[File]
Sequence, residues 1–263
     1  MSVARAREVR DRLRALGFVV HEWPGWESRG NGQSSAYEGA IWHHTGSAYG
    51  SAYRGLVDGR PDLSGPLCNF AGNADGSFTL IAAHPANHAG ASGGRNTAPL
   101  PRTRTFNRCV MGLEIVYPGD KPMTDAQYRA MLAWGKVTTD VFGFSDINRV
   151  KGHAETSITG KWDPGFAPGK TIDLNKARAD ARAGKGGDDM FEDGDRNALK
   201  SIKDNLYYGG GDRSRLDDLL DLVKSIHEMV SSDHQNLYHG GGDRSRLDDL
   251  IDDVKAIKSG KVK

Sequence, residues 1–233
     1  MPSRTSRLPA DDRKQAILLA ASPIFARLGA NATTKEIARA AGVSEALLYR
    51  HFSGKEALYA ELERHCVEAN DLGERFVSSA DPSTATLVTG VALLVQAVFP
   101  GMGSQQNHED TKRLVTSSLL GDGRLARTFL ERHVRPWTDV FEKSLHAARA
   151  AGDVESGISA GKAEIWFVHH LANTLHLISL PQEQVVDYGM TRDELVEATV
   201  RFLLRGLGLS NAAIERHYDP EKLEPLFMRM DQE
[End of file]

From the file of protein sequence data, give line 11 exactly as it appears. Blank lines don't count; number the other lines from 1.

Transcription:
   101  GMGSQQNHED TKRLVTSSLL GDGRLARTFL ERHVRPWTDV FEKSLHAARA